“Mom, please,” Em said. She glanced at Chet, then turned away. Chet thought she was blushing.
“I’m sorry, Emily.” She turned to Chet’s mom. “How old are they when we begin to be an embarrassment?”
“It’s just beginning with this one,” Mom indicated Cheryl. “She’s nine going on nineteen.”
The two women giggled, half huddled together, conspirators. Mom looked young and pretty, not ancient and bedraggled.
Chet couldn’t help but to smile. Mrs. Bradford smiled back. He liked her. She wasn’t as scary as Justin made her out to be. She was friendly. And somehow, she knew all about Chet and his family. She did a lot of work with different local groups. That must be it.
The evening continued with small talk. But some of it turned serious. Mrs. Bradford told Mom to come by after the holidays and put in a resume. There was an opening that she was sure would be perfect. Even Ty could work part time, if he kept his grades up.
As they were getting ready to leave, Ty and Mrs. Bradford exchanged glances. Mom was with Cheryl talking to one of her friends and Em was gathering stuff to bring home. Chet figured they thought everyone else was otherwise occupied.
“You didn’t let on, did you?” The woman asked his brother.
“Me? Nope. They never guessed. They…” Ty stopped. Mom and Cheryl were approaching and it seemed that Ty just noticed Chet. He raised his voice a little louder. “They look like they’re about ready. Have a merry Christmas, Mrs. Bradford! It was nice talking to you. Thanks for the job offer.”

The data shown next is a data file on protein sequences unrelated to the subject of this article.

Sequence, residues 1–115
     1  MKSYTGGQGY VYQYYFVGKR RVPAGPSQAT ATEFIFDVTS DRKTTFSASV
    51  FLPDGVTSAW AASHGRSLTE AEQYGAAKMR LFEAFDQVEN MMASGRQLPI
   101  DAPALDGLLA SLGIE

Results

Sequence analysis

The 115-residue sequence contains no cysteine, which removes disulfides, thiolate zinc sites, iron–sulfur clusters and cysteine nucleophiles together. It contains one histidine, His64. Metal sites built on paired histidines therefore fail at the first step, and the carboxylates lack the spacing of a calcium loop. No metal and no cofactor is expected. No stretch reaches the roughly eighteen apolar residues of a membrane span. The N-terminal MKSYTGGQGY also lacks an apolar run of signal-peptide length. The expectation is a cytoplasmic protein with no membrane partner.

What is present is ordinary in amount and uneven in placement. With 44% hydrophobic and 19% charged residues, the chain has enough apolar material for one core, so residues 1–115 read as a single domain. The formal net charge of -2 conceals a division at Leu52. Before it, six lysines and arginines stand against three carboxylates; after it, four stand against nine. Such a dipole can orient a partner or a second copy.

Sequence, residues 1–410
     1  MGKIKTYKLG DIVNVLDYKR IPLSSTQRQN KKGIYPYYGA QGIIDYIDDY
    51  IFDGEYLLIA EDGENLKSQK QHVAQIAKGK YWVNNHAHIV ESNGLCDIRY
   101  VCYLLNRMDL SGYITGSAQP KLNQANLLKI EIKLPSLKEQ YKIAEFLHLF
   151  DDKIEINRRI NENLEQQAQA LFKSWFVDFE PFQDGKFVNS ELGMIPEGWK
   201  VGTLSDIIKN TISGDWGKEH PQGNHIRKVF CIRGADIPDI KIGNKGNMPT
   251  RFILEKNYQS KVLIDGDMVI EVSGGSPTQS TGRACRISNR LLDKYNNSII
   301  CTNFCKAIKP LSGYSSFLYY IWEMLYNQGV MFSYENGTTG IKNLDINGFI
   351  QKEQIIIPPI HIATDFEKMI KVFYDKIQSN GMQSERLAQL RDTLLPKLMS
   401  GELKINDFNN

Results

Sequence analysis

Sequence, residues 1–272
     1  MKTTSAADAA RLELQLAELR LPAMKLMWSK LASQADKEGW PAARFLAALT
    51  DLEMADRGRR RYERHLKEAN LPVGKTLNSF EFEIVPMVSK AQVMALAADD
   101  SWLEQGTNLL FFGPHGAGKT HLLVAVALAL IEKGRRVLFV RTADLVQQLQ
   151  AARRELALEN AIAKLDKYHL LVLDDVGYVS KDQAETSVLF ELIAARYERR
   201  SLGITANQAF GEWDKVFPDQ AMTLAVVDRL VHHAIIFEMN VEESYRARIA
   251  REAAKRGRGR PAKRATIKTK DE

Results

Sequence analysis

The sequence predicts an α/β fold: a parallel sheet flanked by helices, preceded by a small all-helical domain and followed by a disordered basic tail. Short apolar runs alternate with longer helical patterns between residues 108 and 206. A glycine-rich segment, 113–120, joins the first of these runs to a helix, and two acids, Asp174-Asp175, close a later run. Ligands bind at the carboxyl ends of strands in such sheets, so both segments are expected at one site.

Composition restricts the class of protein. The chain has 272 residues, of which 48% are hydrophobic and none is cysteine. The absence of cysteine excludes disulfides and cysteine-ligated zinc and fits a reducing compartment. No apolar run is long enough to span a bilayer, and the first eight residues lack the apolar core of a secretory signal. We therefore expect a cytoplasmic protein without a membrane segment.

“No problem, but you have to keep up your end of the bargain and get good grades, OK?”
For a minute Chet felt as if it could have been Mom talking.
Mrs. Bradford glanced at Em, who had just arrived with the empty dishes from the roast beef they had brought, then turned to Chet. “And you, young man, have a merry Christmas. I know I don’t have to tell you to study and get good grades. You seem to take care of that on your own.” She winked. “And, my, you do look so handsome in that new sweater. Isn’t he handsome, Emily? Handsome and smart.”
“Mother!” Emily, turned away.
But Chet saw the shy smile and the twinkle in her eye.
Chet was walking on cloud nine as they returned home. He had asked Em if she wanted to see a movie with him sometime over break. She had said yes!
He was still thinking of her and almost didn’t hear Mom whisper to Ty, “It was her, wasn’t it?”
“What? And herwho? I have no idea what you are talking about.” Chet watched them as Mom glared at Ty. “Right. I don’t know what you are insinuating. I stayed out all night last night, sulking, and didn’t see or talk to anyone. Nope. Hey, Chet-miester, I’ll race you home! Winner gets to pick the game we play tonight!”
Chet shoved the empty pie plate into Cheryl’s hands. Mom shook her head, but was smiling. She joined in by giving the count down. “On your mark. Get set. Go!”
Chet ran as fast as he could go, but he ran to feel the freedom, not to beat Ty. It didn’t matter if he won or lost, any more than it mattered to him where the presents came from. He ran and laughed as he was running, ignoring the tears in his eyes. He ran to leave that old Chet behind and enter into a new world.
It was the best Christmas ever. One he knew he’d never forget.
Trent P. McDonald is a self-published writer and a blogger. His past contributions in the Advent Calendar have made it into his books. In two days from today, on the 4th of December, his second collection of short stories Embers will be published.
Visit Trent on his blog Trent’s World.
Here are his past contributions to the Advent Calendar: The Christmas Storm, The Longest Day, Christmas, 24x7x365, The Truck Stop
Come back over the month for more stories, poems, memories related to the Holiday Season, Christmas and winter. If you are interested in being part of this year’s calendar, there still is space.